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Police: Man sold drugs at home where elderly woman was killed
Elderly shooting
An Atlanta police cruiser remains parked in front of the home of 91-year-old Kathryn Johnston which is surrounded by police tape early Wednesday, Nov. 22, 2006 in Atlanta. According to police, narcotics officers were justified in returning fire on Johnston, who they shot to death, Tuesday, Nov. 21, 2006, after she shot and wounded three officers as they tried to serve a warrant at her house in Atlanta. Neighbors and relatives said it was a case of mistaken identity. She was the only resident in the house at the time and had lived in the home for about 17 years. - photo by Associated Press
ATLANTA — Many of the folks on the rundown northwest Atlanta street where Kathryn Johnston lived fortify their windows with metal bars and arm themselves with guns for protection.
    And although she was 92, Johnston was no exception.
    She was waiting with her gun at the ready Tuesday night when a group of police officers with a warrant to search her house for drugs knocked down her door, police said.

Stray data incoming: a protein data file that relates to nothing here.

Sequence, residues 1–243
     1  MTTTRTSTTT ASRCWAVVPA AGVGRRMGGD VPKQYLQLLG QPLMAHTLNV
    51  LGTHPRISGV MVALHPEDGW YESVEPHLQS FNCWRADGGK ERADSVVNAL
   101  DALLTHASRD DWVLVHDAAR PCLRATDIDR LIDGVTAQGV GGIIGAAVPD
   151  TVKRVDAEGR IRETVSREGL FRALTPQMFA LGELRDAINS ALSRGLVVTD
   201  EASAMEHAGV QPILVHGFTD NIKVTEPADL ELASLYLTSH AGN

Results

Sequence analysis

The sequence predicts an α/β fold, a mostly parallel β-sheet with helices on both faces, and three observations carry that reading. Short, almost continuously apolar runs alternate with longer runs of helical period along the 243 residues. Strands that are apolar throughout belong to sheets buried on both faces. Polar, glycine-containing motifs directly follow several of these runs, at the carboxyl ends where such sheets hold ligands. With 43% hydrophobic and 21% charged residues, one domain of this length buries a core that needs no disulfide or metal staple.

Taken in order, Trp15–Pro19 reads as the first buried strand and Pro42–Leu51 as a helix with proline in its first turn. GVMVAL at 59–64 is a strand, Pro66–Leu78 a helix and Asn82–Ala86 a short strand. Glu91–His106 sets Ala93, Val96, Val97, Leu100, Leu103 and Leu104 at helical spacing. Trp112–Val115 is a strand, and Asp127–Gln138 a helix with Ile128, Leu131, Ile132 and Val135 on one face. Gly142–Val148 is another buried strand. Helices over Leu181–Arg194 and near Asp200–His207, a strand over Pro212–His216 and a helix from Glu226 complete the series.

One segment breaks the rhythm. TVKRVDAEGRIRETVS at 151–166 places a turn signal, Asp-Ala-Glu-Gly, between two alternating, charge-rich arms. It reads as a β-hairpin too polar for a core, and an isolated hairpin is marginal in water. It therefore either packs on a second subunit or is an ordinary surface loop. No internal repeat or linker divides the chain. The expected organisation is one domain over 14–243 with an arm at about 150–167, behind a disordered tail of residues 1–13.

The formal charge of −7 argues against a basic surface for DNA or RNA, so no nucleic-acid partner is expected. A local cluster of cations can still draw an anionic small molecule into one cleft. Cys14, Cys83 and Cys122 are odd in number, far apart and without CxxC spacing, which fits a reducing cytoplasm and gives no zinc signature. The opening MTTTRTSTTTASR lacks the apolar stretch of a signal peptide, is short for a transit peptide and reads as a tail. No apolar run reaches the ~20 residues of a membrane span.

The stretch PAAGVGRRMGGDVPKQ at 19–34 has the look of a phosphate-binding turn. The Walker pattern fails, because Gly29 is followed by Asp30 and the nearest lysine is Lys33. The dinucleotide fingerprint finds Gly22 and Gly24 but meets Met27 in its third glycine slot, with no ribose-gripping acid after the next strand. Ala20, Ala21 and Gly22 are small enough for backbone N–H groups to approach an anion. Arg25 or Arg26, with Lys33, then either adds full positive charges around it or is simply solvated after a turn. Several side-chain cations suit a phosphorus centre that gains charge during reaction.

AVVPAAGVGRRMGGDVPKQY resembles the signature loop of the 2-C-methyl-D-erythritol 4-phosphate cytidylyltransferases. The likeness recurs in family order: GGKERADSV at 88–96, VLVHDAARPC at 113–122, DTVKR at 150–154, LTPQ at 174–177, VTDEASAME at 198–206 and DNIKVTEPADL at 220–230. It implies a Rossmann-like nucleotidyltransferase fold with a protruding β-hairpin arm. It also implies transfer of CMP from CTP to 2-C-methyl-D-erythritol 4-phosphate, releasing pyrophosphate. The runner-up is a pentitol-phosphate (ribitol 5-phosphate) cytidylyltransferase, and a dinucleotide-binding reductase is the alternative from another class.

In the ensuing shootout, three officers were wounded and Johnston was killed.
    The agents were granted the search warrant after buying drugs from a male suspect in Johnston’s home hours earlier, Assistant Atlanta Police Chief Alan Dreher said Wednesday.
    He called the incident ‘‘tragic and unfortunate,’’ but said the officers were justified in returning fire. ‘‘You don’t know who’s in the house until you open that door,’’ said Dreher. ‘‘And once they forced open the door, they were immediately fired upon.’’
    Johnston’s neighbors and relatives said it was a case of mistaken identity. At a news conference Wednesday in front of Johnston’s home, the Rev. Markel Hutchins, a civil rights activist and spokesman for the family, said he could understand why the elderly woman would arm herself.
    ‘‘She was afraid,’’ Hutchins said. ‘‘This is a horrifying situation in a neighborhood where crime happens often. This incident is a result of a mix-up.’’
    The shootout erupted around 7 p.m. Tuesday after police identified themselves and then forced open Johnston’s door, Dreher said. Johnston, who was in the house alone, opened fire, he said.
    Bullets struck Investigator Gary Smith, 38, in the left leg and Investigator Cary Bond, 38, in the left arm. Investigator Gregg Junnier, 40, was hit three times — in his leg, on the side of his face and in his bulletproof vest.
    They were rushed to Grady Memorial Hospital and are expected to recover, Dreher said.
    ‘‘The officers are going to be fine,’’ he said.
    The three were placed on administrative leave, a standard response when an officer is involved in a shooting, said Officer Joe Cobb, a police spokesman.
    Crime and drugs are a part of the landscape in the rough-and-tumble neighborhood where Johnston lived, and her neighbors say they have to do what it takes to protect themselves.